Unlicensed Speech

Supreme Court decides Texas can reject a specialty license plate with the Confederate Flag

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The Supreme Court decided it was Texas’s right to deny making customized license plates that included an image of the Confederate flag for the Sons of Confederate Veterans.

One of the reasons the state of Texas said they would not allow the license plate is because the flag is often viewed as a symbol of racism and hate and is offensive to those who see it as such.

“I think it represents racism and a time when blacks didn’t have rights,”  junior Abreanna Harrison said. “I don’t think it should be on a license plate.”

Another argument for those who oppose the license plate is that it is as equally offensive as the swastika, a symbol used to support Hitler and the Nazi party. Abreanna says she agrees that the two are both offensive and should not be displayed.

”It’s like you’re saying, you agree with racism and believe that people should be mistreated or discriminated against because of who they are,” Abreanna said. “People were beaten and starved like they didn’t have rights. So how can you say “Oh it’s okay’?”

While some students agree that Texas should not allow customized license plates to be made with the confederate flag symbol, others believe that the flag is just a symbol of southern pride and is not offensive.

“It’s nothing about racism. The confederate flag represents history and what the south used to stand for,”  sophomore Parker Poole said. “The 13 stars on the flag represent the 13 original colonies and the X stands for ‘cross us out of your union’ which just means we don’t want to be a part of the North anymore.”

The people that see the flag as just a symbol of the south view the decision to not allow these license plates as unconstitutional and in violation of the first amendment.

“It’s freedom of speech, it’s freedom of being able to do what you want,” Poole said. “You’re allowed to say what you think and everyone has the right to show what they think.”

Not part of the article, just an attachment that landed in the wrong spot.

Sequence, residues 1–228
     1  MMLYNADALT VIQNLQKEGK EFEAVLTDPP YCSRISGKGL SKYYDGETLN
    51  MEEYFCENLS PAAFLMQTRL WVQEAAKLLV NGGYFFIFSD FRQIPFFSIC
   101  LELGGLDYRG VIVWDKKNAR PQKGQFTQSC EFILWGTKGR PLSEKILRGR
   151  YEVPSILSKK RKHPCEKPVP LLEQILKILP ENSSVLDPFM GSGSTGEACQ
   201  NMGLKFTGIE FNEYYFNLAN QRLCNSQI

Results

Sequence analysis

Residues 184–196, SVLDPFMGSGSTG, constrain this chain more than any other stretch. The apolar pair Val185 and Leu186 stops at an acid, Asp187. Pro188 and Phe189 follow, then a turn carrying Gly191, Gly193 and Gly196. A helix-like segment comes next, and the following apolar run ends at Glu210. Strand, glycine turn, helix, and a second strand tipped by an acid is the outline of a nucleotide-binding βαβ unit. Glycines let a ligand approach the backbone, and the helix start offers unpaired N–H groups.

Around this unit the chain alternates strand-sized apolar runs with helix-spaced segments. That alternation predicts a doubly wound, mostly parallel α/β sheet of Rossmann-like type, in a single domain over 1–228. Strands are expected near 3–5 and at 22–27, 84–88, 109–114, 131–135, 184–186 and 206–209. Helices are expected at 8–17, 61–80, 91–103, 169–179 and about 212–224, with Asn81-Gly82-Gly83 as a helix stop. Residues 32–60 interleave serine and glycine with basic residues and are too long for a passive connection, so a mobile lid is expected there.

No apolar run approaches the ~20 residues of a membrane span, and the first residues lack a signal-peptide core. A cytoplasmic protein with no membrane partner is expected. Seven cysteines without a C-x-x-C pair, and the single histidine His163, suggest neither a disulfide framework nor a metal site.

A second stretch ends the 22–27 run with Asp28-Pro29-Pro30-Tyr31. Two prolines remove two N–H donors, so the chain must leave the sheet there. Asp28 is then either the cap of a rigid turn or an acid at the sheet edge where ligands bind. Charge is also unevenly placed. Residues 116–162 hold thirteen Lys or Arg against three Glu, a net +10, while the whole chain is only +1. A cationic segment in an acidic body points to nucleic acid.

Rider math teacher Paul Loskot says that as long as the flag is looked upon as part of our country, it represents the history of the south and not racism.

“We want to embrace all parts of history and growth of our establishment,” Loskot said. “It’s just part of our history, it’s a part of our nation’s struggle to unify itself.”

Loskot says that if a person wants to display the confederate flag, then they have every right to do so and there are multiple ways to do so without the state getting involved.

“There are people that may associate the rebel battle flag with a negativity towards the country and therefore it is offensive to some people,” Loskot said. “And that means then that the state shouldn’t sponsor it.”

Loskot believes that Texas denying the license plates is unconstitutional.

“The state needs to separate itself from the 4th amendment,” Loskot said. “That means the state really shouldn’t make any rules that govern whether one person’s rights infringe upon another.”

The Supreme Court disagreed.

In April they upheld the Texas decision to say no because “a significant portion of the public associates the Confederate flag with organizations that demean or express hatred for minorities.”

*Out of 166 students surveyed 53 percent said Texas should not be allowed to have the license plates and 47 percent said it should.